3 Accused Priests Await Decision
Local Archbishop Could Excommunicate Men Over Allegations of Sexual MisconductNov 17, 2002
A Catholic lay review board has finished investigating three Archdiocese of Indianapolis priests without clearing any of them on allegations of sexual abuse or misconduct, said board member Ann DeLaney.
The board's findings now go to Archbishop Daniel M. Buechlein, who ultimately will decide what to do with the priests. Options range from taking no action at all to excommunicating them from the church.
Buechlein appointed the six-member review panel in August in the aftermath of a priest sex abuse scandal that began in Boston and spread to other communities.
DeLaney would not disclose the board's recommendations or the names of the priests but said the board is reviewing at least two other cases now.
To date, the names of four archdiocesan priests accused of sexual abuse or misconduct have become public:
â€¢ Rev. John B. Schoettelkotte of Bristow was placed on administrative leave after the archdiocese substantiated an allegation that he abused a woman 30 years ago.
â€¢ Rev. Jack Okon of Indianapolis was placed on leave after being accused of fondling two teenage boys in the 1970s.
â€¢ Rev. Micheal H. Kelley resigned from a southern Indiana parish, admitting past sexual misconduct with adults.
â€¢ The late Rev. Albert Deery was accused in a lawsuit of sexually abusing schoolgirls.
The board has investigated some of those priests, said DeLaney, but not all of them. And it isn't reviewing allegations against priests who have died, she said.
The archdiocese has 266 priests who serve about 233,000 Catholics in 150 parishes in 39 counties.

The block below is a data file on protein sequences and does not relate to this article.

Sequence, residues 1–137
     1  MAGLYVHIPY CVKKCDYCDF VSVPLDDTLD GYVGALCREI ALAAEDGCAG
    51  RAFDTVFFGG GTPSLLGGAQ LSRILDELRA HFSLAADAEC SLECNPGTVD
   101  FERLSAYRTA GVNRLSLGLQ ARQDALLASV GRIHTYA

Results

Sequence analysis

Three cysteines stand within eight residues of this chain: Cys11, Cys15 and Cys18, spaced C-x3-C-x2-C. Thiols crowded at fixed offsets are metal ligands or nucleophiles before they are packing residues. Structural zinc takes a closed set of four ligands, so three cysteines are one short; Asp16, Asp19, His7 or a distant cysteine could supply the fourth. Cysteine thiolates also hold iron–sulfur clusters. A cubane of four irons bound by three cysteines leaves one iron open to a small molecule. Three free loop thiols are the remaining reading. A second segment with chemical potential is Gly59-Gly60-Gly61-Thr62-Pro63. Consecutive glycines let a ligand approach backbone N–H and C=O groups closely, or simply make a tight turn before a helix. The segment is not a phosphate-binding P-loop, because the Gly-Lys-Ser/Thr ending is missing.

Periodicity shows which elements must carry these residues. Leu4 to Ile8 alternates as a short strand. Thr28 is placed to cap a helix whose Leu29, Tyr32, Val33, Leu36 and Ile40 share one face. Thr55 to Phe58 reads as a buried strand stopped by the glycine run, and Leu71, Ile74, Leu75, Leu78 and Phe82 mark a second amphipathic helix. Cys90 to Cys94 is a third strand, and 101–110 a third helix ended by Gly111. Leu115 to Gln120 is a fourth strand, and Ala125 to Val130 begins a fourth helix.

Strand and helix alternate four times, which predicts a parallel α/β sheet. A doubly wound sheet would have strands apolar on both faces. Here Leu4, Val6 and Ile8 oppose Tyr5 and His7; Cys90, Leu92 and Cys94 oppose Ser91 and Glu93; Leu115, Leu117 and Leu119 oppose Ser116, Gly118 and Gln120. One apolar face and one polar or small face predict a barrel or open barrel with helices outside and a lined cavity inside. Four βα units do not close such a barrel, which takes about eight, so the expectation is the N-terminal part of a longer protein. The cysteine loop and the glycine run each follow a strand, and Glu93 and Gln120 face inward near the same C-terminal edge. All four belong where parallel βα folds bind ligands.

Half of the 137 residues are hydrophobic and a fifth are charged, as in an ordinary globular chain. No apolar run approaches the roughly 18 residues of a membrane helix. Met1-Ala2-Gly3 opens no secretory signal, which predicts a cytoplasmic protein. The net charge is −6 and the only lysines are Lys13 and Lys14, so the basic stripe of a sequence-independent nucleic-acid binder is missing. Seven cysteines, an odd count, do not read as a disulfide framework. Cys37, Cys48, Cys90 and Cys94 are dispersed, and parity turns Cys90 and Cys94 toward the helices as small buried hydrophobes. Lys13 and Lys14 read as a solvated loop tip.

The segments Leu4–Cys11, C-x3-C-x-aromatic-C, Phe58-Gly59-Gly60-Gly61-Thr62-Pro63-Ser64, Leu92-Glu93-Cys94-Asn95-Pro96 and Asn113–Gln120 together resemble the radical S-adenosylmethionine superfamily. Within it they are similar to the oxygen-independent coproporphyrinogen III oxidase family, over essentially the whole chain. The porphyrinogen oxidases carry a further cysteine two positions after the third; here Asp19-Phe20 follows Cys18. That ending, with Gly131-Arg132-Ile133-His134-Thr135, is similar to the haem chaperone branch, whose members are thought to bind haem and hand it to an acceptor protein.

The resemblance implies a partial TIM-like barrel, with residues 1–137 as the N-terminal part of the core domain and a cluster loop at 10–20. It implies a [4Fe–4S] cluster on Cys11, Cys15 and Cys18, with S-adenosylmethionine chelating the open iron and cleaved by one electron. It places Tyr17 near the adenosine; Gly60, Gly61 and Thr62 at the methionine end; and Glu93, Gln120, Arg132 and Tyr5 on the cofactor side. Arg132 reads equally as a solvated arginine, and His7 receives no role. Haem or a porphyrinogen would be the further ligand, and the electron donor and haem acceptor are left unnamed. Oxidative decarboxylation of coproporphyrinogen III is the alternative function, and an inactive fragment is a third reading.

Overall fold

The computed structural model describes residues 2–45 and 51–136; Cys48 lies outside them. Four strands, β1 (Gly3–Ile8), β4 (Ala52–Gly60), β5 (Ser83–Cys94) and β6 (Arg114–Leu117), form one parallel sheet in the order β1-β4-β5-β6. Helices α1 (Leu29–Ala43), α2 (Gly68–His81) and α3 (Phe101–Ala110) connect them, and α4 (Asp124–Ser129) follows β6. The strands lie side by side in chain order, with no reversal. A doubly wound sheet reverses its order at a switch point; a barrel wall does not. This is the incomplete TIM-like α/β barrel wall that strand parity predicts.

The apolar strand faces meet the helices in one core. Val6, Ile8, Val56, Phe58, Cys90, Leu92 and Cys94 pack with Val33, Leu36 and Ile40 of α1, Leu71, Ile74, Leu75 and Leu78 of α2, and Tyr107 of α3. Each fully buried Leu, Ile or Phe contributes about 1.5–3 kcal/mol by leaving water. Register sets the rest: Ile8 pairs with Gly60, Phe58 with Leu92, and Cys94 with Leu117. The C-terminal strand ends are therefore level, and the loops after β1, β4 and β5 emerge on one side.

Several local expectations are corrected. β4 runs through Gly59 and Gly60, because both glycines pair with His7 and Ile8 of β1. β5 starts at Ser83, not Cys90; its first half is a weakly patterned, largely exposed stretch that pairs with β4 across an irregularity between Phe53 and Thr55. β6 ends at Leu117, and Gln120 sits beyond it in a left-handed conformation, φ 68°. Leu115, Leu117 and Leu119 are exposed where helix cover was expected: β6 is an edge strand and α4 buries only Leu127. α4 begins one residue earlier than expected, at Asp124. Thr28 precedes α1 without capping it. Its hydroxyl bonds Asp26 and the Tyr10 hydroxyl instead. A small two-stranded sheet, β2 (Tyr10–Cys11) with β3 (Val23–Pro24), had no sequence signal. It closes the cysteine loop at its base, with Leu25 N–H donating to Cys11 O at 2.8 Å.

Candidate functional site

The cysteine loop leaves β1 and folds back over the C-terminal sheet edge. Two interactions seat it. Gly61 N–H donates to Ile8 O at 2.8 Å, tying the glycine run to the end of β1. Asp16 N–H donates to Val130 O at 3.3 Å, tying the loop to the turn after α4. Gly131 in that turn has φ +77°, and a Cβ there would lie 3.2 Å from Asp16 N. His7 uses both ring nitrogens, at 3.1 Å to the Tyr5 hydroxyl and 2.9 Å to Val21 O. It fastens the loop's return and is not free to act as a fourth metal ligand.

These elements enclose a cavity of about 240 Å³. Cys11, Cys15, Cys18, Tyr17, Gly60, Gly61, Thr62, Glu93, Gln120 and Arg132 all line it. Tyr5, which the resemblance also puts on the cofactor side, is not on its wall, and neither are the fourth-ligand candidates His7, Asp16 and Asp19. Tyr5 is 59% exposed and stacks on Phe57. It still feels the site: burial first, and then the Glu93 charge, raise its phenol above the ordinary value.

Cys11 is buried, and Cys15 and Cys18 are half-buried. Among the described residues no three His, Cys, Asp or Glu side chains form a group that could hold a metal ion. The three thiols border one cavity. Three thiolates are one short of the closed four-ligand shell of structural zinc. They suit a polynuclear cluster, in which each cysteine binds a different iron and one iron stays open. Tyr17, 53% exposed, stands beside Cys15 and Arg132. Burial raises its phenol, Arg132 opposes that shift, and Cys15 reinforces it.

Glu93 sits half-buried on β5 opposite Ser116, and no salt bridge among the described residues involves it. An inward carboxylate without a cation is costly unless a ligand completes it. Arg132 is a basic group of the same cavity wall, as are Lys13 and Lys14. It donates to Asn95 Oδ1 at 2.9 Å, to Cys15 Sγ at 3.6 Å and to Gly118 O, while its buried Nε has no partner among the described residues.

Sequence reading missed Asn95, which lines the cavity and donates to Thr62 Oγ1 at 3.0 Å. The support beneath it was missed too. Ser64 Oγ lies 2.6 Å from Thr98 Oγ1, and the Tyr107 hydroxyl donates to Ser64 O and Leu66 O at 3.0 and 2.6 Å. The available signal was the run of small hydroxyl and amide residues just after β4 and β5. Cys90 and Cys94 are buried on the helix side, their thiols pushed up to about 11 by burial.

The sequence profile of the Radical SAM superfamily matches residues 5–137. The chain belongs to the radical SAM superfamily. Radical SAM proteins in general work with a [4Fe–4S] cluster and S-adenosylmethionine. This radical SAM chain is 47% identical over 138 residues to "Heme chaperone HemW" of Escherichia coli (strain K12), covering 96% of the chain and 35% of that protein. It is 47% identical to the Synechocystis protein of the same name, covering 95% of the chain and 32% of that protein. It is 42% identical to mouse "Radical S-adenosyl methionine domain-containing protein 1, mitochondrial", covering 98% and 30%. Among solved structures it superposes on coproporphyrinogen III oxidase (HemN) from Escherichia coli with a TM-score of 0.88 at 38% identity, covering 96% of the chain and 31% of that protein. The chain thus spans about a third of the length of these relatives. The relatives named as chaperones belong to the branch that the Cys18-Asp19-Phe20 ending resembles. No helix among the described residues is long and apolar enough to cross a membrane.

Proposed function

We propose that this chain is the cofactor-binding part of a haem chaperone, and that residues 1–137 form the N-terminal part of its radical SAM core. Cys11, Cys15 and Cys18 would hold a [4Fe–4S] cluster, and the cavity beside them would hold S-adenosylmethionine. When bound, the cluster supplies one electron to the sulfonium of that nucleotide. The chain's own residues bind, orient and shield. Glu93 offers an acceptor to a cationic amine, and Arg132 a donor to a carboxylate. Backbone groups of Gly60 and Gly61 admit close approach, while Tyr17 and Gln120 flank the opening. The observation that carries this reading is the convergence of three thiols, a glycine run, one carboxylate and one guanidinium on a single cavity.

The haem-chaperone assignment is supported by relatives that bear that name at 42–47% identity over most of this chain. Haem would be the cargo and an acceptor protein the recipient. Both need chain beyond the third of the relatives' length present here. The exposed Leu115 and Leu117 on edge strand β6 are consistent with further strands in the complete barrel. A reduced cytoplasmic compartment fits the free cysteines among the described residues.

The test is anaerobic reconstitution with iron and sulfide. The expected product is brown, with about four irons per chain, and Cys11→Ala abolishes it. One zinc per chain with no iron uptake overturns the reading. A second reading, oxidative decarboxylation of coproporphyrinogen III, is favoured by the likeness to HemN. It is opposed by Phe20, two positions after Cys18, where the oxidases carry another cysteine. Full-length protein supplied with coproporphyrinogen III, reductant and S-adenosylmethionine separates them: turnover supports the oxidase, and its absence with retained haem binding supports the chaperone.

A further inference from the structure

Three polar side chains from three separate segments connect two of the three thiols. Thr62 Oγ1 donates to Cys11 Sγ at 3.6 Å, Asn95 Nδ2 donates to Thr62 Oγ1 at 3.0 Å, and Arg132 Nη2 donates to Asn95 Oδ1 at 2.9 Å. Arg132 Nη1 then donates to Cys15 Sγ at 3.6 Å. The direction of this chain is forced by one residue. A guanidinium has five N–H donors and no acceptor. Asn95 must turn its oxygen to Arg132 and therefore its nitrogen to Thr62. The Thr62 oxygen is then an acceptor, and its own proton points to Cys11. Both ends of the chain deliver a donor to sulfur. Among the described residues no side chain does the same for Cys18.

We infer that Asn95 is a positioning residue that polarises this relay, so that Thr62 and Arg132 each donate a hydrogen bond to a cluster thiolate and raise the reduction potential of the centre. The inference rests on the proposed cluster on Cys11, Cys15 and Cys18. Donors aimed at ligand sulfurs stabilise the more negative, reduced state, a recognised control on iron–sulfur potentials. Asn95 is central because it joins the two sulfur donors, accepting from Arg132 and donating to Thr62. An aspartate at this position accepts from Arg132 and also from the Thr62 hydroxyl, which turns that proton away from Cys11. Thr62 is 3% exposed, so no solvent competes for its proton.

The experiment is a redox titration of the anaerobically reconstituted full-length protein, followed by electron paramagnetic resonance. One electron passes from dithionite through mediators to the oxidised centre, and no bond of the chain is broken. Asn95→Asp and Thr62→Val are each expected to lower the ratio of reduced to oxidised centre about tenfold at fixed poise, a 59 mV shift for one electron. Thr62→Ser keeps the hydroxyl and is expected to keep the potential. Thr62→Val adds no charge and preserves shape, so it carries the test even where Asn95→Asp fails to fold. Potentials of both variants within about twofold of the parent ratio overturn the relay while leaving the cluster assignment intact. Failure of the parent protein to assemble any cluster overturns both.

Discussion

Archdiocesan spokeswoman Susan Borcherts said she could not comment on the recommendations because she hasn't seen them.
Jay Carrigan, vice president of Voice of the Faithful-Indiana, said knowing where the lay board is in the process is a step forward. His group is a lay Catholic organization that supports victims of priest abuse and priests who are not abusers.
The group has been pushing the archdiocese to tell the public how many priests are under investigation, how many victims have come forward and how much money the church has spent to settle cases against priests.
It also wants the archbishop to appoint a victim of priest abuse to the board.
Twice the group has made these requests by letter, the latest sent on Friday.
Borcherts said the second letter had not arrived.
In response to the first letter, Buechlein didn't give the group the information requested. He also dismissed the idea of appointing a victim of priest abuse to the board, referring to counsel he had received from DeLaney, a former Marion County deputy prosecuting attorney.
Putting a victim of abuse on the board wouldn't be fair to priests, DeLaney said.
"It is unrealistic to think that any person traumatized can make judgments without having that trauma impact those judgments," she said.
Voice of the Faithful now wants a summary of the board's recommendations.
"I don't think it ought to be private," Carrigan said. "We don't need particulars, such as times and dates and names of victims. . . . I would want to make sure that the victims are being treated fairly."
In all, fewer than a dozen alleged victims have been identified through the review process, said DeLaney.